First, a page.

mbed and the Freescale FRDM-KL25Z development board

In this article we examine the mbed rapid prototyping platform with the Freescale FRDM-KL25Z ARM® Cortex™-M0+ development board.

Introduction

A while ago we looked at the mbed rapid prototyping environment for microcontrollers with the cloud-based IDE and the NXP LPC1768 development board, and to be honest we left it at that as I wasn’t a fan of cloud-based IDEs. Nevertheless, over the last two or so years the mbed platform has grown and developed well – however without too much news on the hardware side of things. Which was a pity as the matching development boards usually retailed for around $50 … and most likely half the reason why mbed didn’t become as popular as other rapid development platforms.

And now we have another powerful yet inexpensive board to use with mbed  – the Freescale FRDM-KL25Z

It’s a move in the right direction for both mbed and Freescale. It allows educators and interested persons access to a very user-friendly IDE and dirt-cheap development boards.

What is mbed anyway?

mbed is a completely online development environment. That is, in a manner very similar to cloud computing services such as Google Docs or Zoho Office. However there are some pros and cons of this method. The pros include not having to install any software on the PC – as long as you have a web browser and a USB port you should be fine; any new libraries or IDE updates are handled on the server leaving you to not worry about staying up to date; and the online environment can monitor and update your MCU firmware if necessary. However the cons are that you cannot work with your code off-line, and there may be some possible privacy issues. Here’s an example of the environment:

mbedcompiler

As you can see the IDE is quite straight-forward. All your projects can be found on the left column, the editor in the main window and compiler and other messages in the bottom window. There’s also an online support forum, an official mbed library and user-submitted library database, help files and so on – so there’s plenty of support. Code is written in C/C++ style and doesn’t present any major hurdles. When it comes time to run the code, the online compiler creates a downloadable binary file which is copied over to the hardware via USB.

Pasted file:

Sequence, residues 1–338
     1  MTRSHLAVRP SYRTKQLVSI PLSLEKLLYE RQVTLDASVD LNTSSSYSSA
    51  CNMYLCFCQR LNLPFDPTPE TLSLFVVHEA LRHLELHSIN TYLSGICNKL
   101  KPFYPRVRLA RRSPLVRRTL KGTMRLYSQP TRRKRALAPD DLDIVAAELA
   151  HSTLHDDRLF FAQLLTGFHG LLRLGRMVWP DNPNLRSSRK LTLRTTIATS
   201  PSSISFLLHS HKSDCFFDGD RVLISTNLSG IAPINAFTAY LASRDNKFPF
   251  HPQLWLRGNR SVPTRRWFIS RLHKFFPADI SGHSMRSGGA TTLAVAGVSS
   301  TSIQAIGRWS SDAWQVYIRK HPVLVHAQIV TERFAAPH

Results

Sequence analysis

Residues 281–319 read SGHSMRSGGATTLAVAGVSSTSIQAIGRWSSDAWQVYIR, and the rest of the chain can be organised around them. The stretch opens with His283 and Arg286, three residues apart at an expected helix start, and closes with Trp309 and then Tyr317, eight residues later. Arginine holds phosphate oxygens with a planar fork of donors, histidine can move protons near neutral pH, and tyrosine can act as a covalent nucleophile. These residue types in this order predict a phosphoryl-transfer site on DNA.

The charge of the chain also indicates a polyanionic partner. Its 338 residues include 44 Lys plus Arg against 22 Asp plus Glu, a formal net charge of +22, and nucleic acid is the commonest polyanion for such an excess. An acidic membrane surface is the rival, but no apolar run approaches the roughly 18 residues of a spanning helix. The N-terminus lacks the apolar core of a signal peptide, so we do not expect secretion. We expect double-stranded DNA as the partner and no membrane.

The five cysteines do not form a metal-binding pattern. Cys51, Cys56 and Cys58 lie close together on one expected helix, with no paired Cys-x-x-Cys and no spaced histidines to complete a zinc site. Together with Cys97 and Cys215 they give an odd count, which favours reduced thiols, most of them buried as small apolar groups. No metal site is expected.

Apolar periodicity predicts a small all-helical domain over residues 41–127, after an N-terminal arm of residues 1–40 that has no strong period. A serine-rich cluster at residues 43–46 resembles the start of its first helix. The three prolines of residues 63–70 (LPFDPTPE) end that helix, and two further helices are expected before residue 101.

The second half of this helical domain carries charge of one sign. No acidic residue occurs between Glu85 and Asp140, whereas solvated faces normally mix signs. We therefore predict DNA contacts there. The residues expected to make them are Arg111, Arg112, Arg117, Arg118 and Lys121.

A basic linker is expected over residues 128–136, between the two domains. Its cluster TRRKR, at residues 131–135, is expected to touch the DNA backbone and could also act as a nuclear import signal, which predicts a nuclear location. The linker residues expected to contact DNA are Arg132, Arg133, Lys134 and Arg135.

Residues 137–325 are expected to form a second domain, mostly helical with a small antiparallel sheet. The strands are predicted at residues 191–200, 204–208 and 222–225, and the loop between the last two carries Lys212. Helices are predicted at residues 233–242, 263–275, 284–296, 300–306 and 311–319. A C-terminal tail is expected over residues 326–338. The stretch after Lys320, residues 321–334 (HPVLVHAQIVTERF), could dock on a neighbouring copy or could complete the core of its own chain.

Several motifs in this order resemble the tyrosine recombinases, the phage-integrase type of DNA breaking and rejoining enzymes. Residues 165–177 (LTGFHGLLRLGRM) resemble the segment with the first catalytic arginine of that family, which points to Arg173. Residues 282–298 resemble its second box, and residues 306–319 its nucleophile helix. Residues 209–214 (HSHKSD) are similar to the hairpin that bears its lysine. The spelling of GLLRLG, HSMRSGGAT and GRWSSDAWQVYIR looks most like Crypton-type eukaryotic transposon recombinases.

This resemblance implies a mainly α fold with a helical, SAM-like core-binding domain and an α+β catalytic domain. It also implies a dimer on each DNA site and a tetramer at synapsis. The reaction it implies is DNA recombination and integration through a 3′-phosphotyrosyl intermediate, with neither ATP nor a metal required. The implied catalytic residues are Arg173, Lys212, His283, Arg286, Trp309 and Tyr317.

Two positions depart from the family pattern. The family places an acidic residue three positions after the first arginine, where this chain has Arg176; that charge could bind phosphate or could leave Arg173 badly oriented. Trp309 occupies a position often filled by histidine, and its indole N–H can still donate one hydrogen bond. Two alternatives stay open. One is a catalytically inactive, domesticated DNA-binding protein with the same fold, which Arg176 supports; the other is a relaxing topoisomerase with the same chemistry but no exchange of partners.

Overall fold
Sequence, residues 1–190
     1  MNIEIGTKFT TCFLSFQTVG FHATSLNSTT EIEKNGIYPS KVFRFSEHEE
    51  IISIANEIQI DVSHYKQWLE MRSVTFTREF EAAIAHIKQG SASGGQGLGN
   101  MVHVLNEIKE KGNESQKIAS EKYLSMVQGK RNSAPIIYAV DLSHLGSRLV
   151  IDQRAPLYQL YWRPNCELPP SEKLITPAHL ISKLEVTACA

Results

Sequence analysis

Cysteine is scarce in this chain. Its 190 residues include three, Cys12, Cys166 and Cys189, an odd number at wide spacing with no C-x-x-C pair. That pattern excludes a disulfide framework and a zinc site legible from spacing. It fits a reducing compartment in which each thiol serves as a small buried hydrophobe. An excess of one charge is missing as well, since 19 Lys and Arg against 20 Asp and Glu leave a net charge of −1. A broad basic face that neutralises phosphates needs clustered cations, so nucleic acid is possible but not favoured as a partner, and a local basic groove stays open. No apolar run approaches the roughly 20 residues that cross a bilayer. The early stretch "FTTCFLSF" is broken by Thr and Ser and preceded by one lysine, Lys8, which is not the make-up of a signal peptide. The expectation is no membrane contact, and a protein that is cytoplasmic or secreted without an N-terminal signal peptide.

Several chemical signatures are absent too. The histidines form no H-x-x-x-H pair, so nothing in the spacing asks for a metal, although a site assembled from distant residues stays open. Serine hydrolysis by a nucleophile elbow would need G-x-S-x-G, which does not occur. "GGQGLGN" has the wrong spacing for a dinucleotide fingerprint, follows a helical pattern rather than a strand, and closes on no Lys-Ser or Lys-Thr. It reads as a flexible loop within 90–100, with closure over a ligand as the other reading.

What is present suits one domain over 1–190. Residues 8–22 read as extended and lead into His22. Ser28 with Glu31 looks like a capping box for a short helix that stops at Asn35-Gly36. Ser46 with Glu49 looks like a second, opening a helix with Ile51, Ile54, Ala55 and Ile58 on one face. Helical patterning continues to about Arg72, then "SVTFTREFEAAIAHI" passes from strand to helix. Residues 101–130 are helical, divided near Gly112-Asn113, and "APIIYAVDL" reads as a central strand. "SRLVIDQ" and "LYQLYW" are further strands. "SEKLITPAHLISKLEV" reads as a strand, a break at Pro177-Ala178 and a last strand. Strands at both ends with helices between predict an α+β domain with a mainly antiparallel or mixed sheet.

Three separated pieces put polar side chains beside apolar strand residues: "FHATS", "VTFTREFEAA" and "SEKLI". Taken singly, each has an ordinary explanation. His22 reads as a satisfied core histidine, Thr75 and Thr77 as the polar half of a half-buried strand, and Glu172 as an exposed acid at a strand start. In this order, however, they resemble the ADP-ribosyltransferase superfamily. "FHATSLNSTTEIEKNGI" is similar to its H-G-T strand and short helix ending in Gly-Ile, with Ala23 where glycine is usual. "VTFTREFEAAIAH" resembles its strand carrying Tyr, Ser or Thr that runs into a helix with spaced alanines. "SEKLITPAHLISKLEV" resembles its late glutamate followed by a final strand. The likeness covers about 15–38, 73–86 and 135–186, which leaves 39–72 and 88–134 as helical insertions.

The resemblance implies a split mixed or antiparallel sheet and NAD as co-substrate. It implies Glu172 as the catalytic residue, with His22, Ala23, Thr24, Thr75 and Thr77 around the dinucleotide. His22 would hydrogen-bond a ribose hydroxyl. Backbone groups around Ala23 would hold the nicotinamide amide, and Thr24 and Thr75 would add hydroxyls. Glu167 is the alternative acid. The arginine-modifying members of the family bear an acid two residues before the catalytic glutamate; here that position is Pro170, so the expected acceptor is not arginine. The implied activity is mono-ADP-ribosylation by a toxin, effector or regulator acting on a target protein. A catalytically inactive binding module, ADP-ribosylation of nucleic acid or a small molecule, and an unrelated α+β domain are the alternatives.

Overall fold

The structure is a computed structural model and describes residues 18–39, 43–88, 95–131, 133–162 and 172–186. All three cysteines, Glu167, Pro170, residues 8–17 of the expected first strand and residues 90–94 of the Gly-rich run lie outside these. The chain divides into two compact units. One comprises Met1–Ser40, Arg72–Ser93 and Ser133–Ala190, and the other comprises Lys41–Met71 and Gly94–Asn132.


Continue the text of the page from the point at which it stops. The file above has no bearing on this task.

And what’s a Freedom board?

It’s a very inexpensive development board based on the Freescale ARM® Cortex™-M0+ MKL25Z128VLK4 microcontroller.

Features include  (from the product website):

  • MKL25Z128VLK4 MCU – 48 MHz, 128 KB flash, 16 KB SRAM, USB OTG (FS), 80LQFP
  • Capacitive touch “slider,” MMA8451Q accelerometer, tri-color LED
  • Easy access to MCU I/O
  • Sophisticated OpenSDA debug interface
  • Mass storage device flash programming interface (default) – no tool installation required to evaluate demo apps
  • P&E Multilink interface provides run-control debugging and compatibility with IDE tools
  • Open-source data logging application provides an example for customer, partner and enthusiast development on the OpenSDA circuit

And here it is:

topside

In a lot of literature about the board it’s mentioned as being “Arduino compatible”. This is due to the layout of the GPIO pins – so if you have a 3.3 V-compatible Arduino shield you may be able to use it – but note that the I/O pins can only sink or source 3 mA (from what I can tell) – so be careful with the GPIO . However on a positive side the board has the accelerometer and an RGB LED which are handy for various uses.

Getting started